Then, at 9:15 a.m., just 15 minutes before USDA Secretary Vilsack was set to open the Conference ahead of President Joe Biden’s remarks, the Food and Drug Administration (FDA) announced its “proposed updated definition of a ‘Healthy’ claim on food packages to help improve diet and reduce chronic disease.”
Presto: FDA provided the ‘teeth,’ describing its proposal as aligning directly with the Dietary Guidelines. For the proposed rule, click here and to submit a comment by Dec. 28, 2022, click here
The flurry of activity appeared in scripted fashion within the 24-hours prior to the start of the White House Nutrition Conference convening stakeholders. The first such conference was over 50 years ago and had served as the launch pad for what are known today as the infamous Dietary Guidelines for Americans (DGAs).
The Conference and follow up actions, said President Biden on Sept. 28, are being devoted to “nourishing the soul of America so that no child goes to bed hungry and no parent dies of a disease that can be prevented. We can do big things,” he said about the stated 2030 goals of ending hunger, increasing healthy eating and physical activity, and reducing diet-related illnesses and other nutrition-related health inequities.
The President continued: “We can use these advances to do more to be a stronger and healthier nation, to achieve ambitious goals. We must take advantage of these opportunities when we have these children in a whole of government, whole of society approach. We need to think in ways we never thought before.”
In his remarks ahead of the President, Ag Secretary Tom Vilsack stated that government programs feed 1 in 4 children. He and Biden both talked about expanding the child credit permanently. They talked about $2 billion in funding for food banks and schools, including $100 million for ‘incentives’ to make school meals healthier. They both noted funding to make free school meals available for 9 million additional children. A laundry-list of throwing money at a problem without re-evaluating the flawed guidelines that run the school meals and other USDA food programs despite preponderance of evidence that saturated fats are not the enemy.
There was talk of going “a new direction” but this is all process-based. There was no talk of reviewing the flawed Dietary Guidelines that helped get us here and that the Biden-Harris strategy puts so much emphasis on.
Parsing through the 44-page National Strategy, the bottom line is to expect more of the same drill-down on eliminating animal fats, only worse and with stiffer process, labeling and speech boundaries through FDA and the FTC.
We can expect nutrition bullying to commence — if we step outside of the still-vague but Dietary Guidelines-centered White House playbook. In fact, in addition to the FDA ‘Healthy’ label update, a small-print detail in the 44-page Strategy promises power and funding to the Federal Trade Commission (FTC) to scrutinize and penalize food marketing claims for being out-of-bounds on the Biden-Harris DGA-scripted nutrition field of play.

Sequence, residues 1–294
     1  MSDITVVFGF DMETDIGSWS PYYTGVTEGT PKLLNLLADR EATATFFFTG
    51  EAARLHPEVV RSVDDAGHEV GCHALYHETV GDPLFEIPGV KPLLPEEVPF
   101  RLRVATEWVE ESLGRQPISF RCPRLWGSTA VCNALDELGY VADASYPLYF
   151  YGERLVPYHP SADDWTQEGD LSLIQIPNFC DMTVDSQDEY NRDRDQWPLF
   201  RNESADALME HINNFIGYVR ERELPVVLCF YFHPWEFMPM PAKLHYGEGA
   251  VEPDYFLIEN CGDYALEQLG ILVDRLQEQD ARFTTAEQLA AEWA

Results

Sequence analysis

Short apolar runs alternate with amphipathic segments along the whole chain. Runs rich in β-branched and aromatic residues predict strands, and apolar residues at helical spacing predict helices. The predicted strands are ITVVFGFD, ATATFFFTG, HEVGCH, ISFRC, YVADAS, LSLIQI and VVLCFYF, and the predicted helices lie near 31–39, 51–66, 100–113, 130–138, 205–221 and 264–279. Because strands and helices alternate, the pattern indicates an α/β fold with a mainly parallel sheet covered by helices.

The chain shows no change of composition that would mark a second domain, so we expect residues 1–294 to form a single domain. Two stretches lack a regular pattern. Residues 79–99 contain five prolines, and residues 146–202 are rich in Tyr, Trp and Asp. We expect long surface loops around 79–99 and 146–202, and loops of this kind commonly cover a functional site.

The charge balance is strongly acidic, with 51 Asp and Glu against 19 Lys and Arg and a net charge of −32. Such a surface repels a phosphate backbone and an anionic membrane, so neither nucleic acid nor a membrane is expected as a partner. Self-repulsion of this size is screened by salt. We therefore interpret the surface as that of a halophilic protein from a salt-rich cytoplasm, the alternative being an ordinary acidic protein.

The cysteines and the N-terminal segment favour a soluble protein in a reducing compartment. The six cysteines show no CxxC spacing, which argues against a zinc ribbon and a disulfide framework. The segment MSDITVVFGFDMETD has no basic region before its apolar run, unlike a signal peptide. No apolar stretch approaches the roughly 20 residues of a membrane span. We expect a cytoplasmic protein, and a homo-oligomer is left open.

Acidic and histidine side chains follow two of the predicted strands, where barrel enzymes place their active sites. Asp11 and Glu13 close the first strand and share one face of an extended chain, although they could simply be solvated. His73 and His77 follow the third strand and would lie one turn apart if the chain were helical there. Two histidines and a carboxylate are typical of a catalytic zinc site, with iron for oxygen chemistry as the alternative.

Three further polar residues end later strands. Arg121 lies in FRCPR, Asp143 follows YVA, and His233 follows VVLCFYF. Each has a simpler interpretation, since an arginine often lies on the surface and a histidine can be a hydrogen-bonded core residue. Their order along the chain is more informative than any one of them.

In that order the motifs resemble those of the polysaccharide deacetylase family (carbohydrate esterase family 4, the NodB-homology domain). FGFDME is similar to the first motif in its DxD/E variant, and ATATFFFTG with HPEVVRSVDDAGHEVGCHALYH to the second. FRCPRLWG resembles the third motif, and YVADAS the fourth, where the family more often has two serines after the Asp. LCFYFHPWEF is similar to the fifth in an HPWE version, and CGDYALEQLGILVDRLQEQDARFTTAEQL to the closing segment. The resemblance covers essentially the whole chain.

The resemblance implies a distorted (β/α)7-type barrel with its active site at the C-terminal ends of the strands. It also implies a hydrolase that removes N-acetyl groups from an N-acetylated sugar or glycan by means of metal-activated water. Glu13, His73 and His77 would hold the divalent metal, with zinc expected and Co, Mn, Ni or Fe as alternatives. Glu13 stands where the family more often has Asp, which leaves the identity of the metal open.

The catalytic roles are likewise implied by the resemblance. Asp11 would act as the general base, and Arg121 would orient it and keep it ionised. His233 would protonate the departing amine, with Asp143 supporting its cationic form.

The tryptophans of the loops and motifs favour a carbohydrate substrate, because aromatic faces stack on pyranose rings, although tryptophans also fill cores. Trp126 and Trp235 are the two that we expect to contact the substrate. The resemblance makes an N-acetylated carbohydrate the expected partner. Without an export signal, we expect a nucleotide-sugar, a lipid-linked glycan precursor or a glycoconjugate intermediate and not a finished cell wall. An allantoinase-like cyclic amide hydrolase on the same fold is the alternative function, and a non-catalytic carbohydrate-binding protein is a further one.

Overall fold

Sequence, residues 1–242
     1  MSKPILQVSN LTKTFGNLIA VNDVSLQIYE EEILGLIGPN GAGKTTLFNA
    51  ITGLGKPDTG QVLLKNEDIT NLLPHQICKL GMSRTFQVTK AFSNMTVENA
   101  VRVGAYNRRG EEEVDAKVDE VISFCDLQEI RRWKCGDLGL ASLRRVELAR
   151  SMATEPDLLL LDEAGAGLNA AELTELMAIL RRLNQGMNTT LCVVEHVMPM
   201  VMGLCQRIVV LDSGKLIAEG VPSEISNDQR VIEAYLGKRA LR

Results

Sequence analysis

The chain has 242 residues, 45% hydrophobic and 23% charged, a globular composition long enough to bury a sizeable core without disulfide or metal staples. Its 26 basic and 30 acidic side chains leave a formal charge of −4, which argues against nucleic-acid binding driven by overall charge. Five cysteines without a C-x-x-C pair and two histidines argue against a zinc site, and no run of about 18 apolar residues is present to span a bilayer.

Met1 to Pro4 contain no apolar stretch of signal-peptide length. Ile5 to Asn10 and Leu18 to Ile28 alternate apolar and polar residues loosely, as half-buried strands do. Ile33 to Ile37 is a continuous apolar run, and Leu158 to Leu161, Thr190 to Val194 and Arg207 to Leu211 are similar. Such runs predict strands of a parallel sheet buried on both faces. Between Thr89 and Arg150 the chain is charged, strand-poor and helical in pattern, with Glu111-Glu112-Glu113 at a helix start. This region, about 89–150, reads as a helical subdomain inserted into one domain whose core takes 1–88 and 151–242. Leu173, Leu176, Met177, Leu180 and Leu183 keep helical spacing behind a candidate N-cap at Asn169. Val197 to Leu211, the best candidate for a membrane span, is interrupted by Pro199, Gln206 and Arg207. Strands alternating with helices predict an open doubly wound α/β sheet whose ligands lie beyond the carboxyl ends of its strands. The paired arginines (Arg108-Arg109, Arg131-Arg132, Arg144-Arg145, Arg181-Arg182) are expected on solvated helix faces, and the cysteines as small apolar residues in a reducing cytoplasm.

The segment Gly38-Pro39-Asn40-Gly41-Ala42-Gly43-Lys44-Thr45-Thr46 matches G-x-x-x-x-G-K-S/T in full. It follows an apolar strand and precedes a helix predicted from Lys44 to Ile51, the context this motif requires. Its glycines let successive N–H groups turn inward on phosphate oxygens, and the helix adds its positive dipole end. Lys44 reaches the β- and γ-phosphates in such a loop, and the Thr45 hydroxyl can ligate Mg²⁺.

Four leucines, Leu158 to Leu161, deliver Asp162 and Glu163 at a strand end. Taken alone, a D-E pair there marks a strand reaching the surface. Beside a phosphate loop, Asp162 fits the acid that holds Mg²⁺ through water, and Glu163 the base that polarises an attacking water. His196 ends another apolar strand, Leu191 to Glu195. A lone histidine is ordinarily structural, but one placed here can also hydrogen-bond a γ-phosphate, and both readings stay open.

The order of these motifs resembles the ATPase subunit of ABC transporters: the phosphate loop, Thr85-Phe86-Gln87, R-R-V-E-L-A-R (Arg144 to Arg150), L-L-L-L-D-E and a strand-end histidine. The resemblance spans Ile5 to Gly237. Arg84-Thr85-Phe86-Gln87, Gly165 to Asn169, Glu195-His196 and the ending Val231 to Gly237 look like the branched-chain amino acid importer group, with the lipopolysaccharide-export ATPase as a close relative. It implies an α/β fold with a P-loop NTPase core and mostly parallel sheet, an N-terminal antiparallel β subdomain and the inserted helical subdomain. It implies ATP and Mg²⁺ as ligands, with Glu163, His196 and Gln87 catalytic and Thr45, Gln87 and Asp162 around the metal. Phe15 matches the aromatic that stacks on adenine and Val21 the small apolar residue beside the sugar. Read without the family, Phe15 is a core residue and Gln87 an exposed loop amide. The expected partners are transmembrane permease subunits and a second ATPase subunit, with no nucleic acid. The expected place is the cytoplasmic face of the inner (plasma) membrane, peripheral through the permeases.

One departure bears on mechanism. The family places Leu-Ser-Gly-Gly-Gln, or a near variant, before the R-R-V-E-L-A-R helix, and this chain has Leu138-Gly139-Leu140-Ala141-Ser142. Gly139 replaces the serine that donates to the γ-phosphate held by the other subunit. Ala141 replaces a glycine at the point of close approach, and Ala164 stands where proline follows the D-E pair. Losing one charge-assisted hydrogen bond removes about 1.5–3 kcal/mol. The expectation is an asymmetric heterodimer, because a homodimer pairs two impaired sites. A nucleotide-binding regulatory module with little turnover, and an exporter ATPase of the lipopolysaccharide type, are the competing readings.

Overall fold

Vilsack noted the National Strategy’s approach is a “whole of government approach that involves the entire federal family.”
In preparation for the Conference, many have lamented the lack of transparency leading up to it. For months, the Conference website gave instructions on how to hold a ‘watch party,’ or a ‘satellite event,’ and how to rally support for nutrition and health ahead of time. But all of the necessary details were missing — until the day of the conference.
Emailed invitations were sent to those who registered just three days before — requesting that they visit a web-portal and record an interview to provide input. There, people respond to White House questions and their faces are added to a streaming screen full of moving mouths — giving the appearance of broad input flowing in from Americans.
Made nervous by the lack of a published agenda or framework, over a dozen agricultural organizations had sent a letter to President Biden on September 8th asking for a “seat at the table.” Those organizations included American Farm Bureau and commodity groups for wheat, beef, sorghum, peanuts, canola, soybeans, barley, corn, sunflower, eggs and rice.
Dairy organizations were conspicuously absent from any of the pre-Conference letter-writing or other such public statements. But then, the dairy industry has its man Vilsack in play, and its DGA 3-a-day – so case-closed – can’t be bothered on the milkfat and whole milk issue.
On the agenda provided the day of the Conference, we found former DMI vice president of sustainability, Erin Fitzgerald — who now serves as CEO of the U.S. Farmers and Ranchers Alliance and who represented USFRA and referenced her boss at the dairy checkoff during a WEF panel in Davos earlier this year — leading a plenary session on “access to affordable foods.” Also, Chuck Conners of the National Association of Farmer Cooperatives led the plenary discussion on “empowering consumers to make healthy choices.”
(We learned after the Sept. Conference that National Milk Producers Federation and the National Dairy Council, funded by the mandatory dairy farmer checkoff, were invited to attend. They were represented, and they brought “student leaders” from GENYOUth. To read NMPF’s statement after the Conference, click here).
Key questions around “what are those healthy choices” to be compassed in tools and identified in FDA labeling went repeatedly unanswered as the discussions focused on approaches and processes, perhaps deeming the unsettled dietary science on fats to be settled science with no need for discussion.